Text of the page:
Child grooming (for the purpose of sexual exploitation and abuse by an adult) involves planned, emotional and psychological manipulation in the form of positive reinforcement using activities and conversations over a period of time, that are typically legal and deemed socially acceptable. This is done to gain the child's trust as well as the trust of those responsible for the child. A trusting relationship with the family means the child's parents are less likely to believe potential accusations as well as enabling direct access to the child.
To establish this kind of trusting relationship, child groomers might do several things. For example, they might take an undue interest in someone child, to be the child’s "special" friend to gain the child’s confidence. They may insert themselves into the child's life as someone who can be trusted, someone the child can talk to, and tell private things to. They may simply talk about sexual topics or acts with the goal of making it easy for the child to accept such acts, thus normalizing the behavior. They might talk about subjects normally discussed between adults, or at least people of the same age. Topics might include marital problems, (romantic or sexual) relationship dynamics and family/sibling conflicts. They may try to gain the child’s parents’ trust and confidence by befriending them, with the goal of easy access to the child. They will be a source of positive emotional reinforcement to the child with frequent, personal compliments that mention how pretty or handsome the child is, or how smart, talented or "grown up" the child appears to be. They may also consistently affirm for the child that other adults in their life may not understand them or understand their need to talk about sexual subjects. These are just some of the methods a child groomer might use to gain a child's trust and affection to allow them to become closer to the child.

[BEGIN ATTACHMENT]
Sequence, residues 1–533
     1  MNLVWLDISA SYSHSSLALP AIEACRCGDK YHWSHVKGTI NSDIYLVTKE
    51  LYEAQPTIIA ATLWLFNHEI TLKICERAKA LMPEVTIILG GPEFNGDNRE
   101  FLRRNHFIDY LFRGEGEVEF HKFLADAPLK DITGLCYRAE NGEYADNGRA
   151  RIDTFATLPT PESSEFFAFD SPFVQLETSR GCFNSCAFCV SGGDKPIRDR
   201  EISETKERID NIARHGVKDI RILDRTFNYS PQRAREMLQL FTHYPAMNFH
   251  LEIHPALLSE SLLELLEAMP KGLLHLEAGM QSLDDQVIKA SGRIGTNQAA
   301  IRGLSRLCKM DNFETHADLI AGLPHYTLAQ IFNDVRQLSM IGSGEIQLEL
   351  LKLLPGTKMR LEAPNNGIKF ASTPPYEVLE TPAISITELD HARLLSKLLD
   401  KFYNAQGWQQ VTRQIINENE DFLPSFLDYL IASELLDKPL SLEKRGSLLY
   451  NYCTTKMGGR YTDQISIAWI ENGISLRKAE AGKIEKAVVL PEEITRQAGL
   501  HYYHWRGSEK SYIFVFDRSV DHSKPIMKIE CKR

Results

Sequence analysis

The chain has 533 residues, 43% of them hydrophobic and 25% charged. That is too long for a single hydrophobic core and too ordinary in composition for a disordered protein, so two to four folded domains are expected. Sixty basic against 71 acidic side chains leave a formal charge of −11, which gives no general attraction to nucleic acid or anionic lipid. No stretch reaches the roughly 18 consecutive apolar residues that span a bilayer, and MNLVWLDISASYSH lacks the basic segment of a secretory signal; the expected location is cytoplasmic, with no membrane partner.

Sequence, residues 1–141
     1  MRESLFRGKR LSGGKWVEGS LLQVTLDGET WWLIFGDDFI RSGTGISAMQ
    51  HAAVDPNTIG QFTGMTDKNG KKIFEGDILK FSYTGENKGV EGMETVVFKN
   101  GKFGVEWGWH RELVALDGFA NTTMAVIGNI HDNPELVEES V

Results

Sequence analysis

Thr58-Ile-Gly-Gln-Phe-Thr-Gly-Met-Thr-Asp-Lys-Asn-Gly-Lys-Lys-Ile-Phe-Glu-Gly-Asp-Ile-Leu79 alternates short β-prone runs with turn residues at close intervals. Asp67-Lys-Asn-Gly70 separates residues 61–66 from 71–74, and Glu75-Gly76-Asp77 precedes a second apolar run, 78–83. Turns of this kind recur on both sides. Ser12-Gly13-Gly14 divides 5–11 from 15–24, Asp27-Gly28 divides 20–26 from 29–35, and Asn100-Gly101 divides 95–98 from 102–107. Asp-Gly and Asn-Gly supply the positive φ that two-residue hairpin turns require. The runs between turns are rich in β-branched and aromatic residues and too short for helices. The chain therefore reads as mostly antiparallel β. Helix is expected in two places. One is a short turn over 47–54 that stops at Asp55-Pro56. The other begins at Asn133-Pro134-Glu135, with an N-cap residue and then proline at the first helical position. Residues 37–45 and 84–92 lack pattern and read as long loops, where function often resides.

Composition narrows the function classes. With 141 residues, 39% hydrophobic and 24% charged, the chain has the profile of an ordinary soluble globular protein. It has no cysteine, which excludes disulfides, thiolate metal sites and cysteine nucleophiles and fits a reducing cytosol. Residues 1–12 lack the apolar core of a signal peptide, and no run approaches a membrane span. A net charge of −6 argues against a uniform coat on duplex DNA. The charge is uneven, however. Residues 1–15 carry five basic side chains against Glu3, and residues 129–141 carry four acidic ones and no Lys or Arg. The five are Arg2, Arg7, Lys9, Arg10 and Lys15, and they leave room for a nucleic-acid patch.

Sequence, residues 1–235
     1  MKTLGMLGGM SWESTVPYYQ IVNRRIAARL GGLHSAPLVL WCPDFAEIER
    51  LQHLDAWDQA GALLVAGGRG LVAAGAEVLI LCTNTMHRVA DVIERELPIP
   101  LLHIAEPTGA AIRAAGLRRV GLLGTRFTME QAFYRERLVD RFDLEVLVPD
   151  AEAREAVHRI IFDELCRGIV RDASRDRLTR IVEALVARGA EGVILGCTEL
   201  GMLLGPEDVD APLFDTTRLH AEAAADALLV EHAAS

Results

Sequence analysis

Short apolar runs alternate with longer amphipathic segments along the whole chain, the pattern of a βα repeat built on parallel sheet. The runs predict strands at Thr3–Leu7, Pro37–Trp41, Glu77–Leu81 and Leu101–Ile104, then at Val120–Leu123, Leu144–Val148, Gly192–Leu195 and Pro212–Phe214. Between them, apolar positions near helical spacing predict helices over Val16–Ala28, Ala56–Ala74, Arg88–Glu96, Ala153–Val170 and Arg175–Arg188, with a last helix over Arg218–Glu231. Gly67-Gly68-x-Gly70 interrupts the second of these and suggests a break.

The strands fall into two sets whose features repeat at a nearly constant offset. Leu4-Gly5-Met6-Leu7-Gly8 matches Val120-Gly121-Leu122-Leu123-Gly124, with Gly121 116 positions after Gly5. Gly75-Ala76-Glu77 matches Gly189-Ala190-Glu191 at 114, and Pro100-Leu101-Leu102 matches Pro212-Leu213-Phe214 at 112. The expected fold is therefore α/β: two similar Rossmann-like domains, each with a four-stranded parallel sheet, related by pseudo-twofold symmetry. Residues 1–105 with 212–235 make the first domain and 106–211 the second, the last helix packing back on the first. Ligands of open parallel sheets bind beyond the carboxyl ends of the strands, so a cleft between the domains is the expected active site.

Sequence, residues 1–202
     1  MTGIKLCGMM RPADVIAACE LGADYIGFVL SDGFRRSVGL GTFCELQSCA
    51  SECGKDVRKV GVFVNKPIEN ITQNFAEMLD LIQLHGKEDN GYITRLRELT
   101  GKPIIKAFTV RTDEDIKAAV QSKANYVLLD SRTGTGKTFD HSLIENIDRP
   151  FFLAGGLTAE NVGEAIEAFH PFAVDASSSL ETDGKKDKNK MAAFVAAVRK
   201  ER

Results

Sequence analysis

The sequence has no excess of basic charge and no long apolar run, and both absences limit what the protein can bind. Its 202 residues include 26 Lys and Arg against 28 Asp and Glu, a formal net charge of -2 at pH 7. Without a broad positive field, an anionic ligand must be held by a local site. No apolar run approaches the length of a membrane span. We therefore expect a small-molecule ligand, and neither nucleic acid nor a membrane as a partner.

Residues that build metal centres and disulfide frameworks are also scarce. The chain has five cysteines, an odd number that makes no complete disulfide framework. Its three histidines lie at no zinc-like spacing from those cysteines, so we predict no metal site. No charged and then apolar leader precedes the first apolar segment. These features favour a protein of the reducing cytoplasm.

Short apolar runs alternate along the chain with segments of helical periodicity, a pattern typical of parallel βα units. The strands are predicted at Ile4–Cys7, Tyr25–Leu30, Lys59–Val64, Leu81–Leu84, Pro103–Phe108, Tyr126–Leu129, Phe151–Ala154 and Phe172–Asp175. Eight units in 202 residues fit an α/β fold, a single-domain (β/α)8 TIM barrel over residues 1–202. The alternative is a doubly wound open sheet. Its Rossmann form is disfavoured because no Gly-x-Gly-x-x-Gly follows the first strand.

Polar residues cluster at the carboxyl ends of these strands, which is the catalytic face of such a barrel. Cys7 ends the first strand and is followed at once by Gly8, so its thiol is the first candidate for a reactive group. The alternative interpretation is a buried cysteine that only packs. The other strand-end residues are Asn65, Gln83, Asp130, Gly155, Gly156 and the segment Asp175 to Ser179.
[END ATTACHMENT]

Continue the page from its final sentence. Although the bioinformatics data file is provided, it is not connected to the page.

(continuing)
A groomer will use several methods to desensitize a child to sexual topics and sexual acts, in an effort to get the child to become less inhibited about future physical and sexual contact. It is a behavior that is characteristic of pedophilia. 

If you've read the pdf, read the types of subjects being introduced at different ages and the suggested Teacher prompts and expected student responses based on what they've learned, it's understandable why some parents are rather uncomfortable with teachers having these kinds of conversations with their children. While I'm not about to jump on The Sky is Falling bandwagon or even suggest for a moment that everyone who had a hand in this revised curriculum is a pedophile (although there is the issue with Benjamin Levin and we can't pretend that didn't happen - and I can bet no one realized at the time there was a pedophile in charge of a revised sex ed curriculum for public school aged children), I do have to admit it feels a little groom-y to me as well.

If you have school aged kids in Ontario, I would strongly recommend that you do read this revised curriculum. As I've said, it's NOT all bad as it pertains to sexual health and development. However, depending on your personal, cultural or religious views, there will definitely be things there that you will strongly disagree with and should be aware of because your kids are going to be taught these things.

More important however, than reading this new curriculum is that you talk to your kids and that you teach your kids at home what matters most. If they have a solid foundation from the beginning, when they come across things like this in school or in life, they'll be better equipped to process it, think about it, talk about it, and decide for themselves how they see it, rather than just accept it as fact or truth.